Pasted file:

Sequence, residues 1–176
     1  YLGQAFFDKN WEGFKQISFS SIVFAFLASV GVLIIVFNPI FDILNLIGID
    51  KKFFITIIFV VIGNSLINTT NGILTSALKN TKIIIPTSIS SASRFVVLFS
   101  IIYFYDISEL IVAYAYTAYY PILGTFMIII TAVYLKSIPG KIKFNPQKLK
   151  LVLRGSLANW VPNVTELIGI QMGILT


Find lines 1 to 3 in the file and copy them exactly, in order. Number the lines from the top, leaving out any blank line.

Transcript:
Sequence, residues 1–176
     1  YLGQAFFDKN WEGFKQISFS SIVFAFLASV GVLIIVFNPI FDILNLIGID
    51  KKFFITIIFV VIGNSLINTT NGILTSALKN TKIIIPTSIS SASRFVVLFS